News Release USDL: 95-517
Wednesday, December 13, 1995
CONTACT: Frank Kane, (202) 219-8151
OSHA Lists 18 Priority Safety And Health Hazards
As Result Of Priority Planning Process
The Occupational Safety and Health Administration (OSHA)
today identified 18 priority safety and health hazards in need of
either regulatory or nonregulatory action.
Assistant Secretary of Labor for Occupational Safety and
Health Joseph A. Dear and Linda Rosenstock, director of the
National Institute for Occupational Safety and Health (NIOSH),
presented results of OSHA's priority planning process at a
meeting of the National Advisory Committee for Occupational
Safety and Health (NACOSH).
"OSHA has had substantial success in fulfilling its mission
of preventing deaths, injuries and illnesses in the workplace,
but important gaps remain," Dear said. "Our resources are scarce
and expected to remain so. Therefore, we must focus national
attention and agency efforts where they are most needed and will
be most useful."
"NIOSH is pleased to have made important scientific and
technical contributions to the OSHA planning process," said
Rosenstock. "This is a wonderful example of NIOSH and OSHA
OSHA's priority planning process expresses its intent to
fill many of the gaps by identifying unmet safety and health
needs and establishing plans to deal with them through rulemaking
and by leveraging the private sector to undertake voluntary
These new priorities supplement rather than replace OSHA's
on-going activities. They involve preventable problems that are
responsible for a large number of injuries and illnesses (or in
some cases that pose particularly high risk to a small group) but
currently receive inadequate attention from government agencies
or organizations in the private sector.
Five of the new priorities have been chosen for rulemaking.
Noise/hearing conservation in construction and other noncovered industries
Permissible exposure limits for air contaminants (continuation of activity)
Electric power transmission and distribution in construction
These priorities will be added to OSHA's regulatory calendar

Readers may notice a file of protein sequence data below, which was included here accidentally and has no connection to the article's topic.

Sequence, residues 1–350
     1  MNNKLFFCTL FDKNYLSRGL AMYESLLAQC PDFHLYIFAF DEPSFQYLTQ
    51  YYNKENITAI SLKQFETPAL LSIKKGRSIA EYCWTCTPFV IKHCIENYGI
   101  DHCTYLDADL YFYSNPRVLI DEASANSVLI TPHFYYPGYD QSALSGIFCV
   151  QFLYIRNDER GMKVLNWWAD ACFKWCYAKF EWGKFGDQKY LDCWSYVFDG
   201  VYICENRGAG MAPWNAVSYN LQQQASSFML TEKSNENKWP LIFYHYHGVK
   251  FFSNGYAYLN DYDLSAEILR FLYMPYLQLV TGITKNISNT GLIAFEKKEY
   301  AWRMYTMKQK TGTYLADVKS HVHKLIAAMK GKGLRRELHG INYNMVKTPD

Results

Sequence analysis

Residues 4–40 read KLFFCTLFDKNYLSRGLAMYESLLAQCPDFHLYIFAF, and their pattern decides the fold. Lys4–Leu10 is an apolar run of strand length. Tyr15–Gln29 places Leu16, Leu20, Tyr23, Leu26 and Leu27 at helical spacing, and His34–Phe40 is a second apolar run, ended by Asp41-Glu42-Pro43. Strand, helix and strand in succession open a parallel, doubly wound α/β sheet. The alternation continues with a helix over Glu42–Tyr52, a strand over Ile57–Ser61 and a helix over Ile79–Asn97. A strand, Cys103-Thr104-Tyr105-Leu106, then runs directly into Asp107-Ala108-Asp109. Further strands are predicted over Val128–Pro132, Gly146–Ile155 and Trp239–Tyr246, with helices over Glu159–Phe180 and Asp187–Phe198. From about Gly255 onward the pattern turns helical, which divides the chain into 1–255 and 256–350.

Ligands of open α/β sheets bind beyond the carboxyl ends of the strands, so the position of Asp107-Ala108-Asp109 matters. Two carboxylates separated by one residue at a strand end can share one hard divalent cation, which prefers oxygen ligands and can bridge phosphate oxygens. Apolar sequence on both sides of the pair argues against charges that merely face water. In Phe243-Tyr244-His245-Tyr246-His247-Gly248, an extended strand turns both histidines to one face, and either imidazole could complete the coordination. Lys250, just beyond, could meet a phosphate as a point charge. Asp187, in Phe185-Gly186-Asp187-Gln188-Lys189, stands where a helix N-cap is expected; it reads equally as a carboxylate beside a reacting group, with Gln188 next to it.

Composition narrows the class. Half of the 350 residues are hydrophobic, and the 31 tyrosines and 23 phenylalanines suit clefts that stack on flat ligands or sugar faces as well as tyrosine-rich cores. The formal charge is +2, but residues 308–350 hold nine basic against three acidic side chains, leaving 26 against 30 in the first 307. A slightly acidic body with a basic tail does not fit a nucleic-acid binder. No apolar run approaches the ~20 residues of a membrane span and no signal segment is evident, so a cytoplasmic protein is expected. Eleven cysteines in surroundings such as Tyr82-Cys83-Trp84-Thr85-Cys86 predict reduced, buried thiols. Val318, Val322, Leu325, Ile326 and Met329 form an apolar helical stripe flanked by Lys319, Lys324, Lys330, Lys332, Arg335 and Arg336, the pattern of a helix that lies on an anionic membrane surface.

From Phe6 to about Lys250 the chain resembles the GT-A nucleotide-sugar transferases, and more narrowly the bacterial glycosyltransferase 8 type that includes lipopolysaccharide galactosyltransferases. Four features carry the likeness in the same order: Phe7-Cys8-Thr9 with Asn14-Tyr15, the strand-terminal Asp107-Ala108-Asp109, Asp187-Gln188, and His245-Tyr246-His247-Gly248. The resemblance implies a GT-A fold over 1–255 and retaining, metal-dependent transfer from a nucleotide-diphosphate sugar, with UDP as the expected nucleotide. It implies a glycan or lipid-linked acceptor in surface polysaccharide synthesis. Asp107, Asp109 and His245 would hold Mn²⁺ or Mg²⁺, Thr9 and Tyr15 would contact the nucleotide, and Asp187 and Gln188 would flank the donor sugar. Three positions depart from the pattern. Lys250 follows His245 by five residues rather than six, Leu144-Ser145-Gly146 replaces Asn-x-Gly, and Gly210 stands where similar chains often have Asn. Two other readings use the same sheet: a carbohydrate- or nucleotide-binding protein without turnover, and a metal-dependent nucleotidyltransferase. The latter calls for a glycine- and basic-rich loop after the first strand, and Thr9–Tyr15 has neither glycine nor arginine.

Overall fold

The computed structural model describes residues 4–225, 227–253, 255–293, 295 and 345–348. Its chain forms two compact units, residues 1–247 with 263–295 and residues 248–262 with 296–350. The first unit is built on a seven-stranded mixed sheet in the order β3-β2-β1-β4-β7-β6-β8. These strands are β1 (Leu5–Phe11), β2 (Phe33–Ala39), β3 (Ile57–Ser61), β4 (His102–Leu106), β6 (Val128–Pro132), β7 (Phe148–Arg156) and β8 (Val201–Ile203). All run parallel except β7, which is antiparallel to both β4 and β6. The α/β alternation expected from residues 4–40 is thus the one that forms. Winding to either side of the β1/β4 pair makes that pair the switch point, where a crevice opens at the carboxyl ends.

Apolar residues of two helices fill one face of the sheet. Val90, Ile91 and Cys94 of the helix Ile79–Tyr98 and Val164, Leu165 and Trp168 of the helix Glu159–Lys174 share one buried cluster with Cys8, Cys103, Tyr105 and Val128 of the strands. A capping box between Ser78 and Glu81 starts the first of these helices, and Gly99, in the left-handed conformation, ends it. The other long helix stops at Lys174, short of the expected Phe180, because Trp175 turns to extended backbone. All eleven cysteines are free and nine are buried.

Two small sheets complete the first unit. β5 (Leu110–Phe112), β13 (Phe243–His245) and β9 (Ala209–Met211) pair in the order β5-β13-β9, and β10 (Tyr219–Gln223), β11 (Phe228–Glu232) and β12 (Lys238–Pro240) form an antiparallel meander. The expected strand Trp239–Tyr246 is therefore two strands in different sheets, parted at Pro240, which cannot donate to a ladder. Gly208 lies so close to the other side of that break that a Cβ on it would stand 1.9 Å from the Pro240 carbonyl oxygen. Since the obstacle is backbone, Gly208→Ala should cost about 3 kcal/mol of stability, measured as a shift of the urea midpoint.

as other standards now on the calendar are completed and
resources become available.
For all the other priorities, OSHA will work with business,
labor, the professional community and its state plan partners to
encourage worker protection without developing new rules at this
time. In some cases interventions may involve OSHA's use of its
existing authority, as well as program initiatives recently
announced by President Clinton that provide incentives to
employers who effectively find and fix hazards. In most cases,
the current approaches to the new priorities will be voluntary
The priorities for such nonregulatory action are:
Commercial diving safety
Crane hoist safety
Motor vehicle safety
Occupational asthma (including an emphasis on latex allergy)
Oil and gas well drilling and servicing
Synthetic mineral fibers
Welding, cutting, and brazing
OSHA's priority planning process was initiated in 1994. It
included work by a priority planning committee with experts in
safety and health from OSHA, NIOSH, the Environmental Protection
Agency (EPA), and the Department of Labor's Office of the
Solicitor, Office of the Assistant Secretary for Policy and the
Mine Safety and Health Administration (MSHA).
The committee reviewed available information on occupational
fatalities, injuries and illnesses and held an extensive dialogue
with stakeholders such as representatives of labor, industry,
professional and academic organizations, state plan designees,
voluntary standards organizations and the public. The committee
also received recommendations from NACOSH and the Advisory
Committee on Construction Safety and Health (ACCSH).
More than 125 hazards were nominated by individual
stakeholders and agency staff. The committee adopted a combined
qualitative and quantitative approach in selecting the hazards
that should be given the greatest priority.
The committee first applied four major criteria to the
The seriousness of the hazard
The number of workers exposed or the magnitude of the risk
The quality of available risk information
The potential for risk reduction
These criteria were then supplemented with three others so
the committee could consider whether rulemaking is appropriate.
The additional criteria are:
The 18 hazards were selected because they best met the
combination of criteria for designation as priorities. When the
new priorities are combined with issues being addressed by
existing programs they cover many of the nation's leading
occupational safety and health threats.
Dear and Rosenstock jointly reviewed and approved the final
list. Because many of the OSHA priorities will affect and depend
on NIOSH research, OSHA has invited NIOSH to take a leadership
role in developing research-related activities which will augment
the action plans for these priorities. The results of the
priority planning process will be an important consideration as
NIOSH works with its stakeholders to develop the national
occupational research agenda, a project designed to set
priorities for workplace research over the next decade.
OSHA will convene another stakeholder meeting to discuss the
18 priority hazards as well as to identify the six priority
issues the agency should address in the initial implementation
phase, and the ones that should be addressed in subsequent
After these discussions, OSHA will draft action plans for
the first six issues and will convene a symposium with interested
stakeholders to discuss the draft action plans before final
revisions and implementation.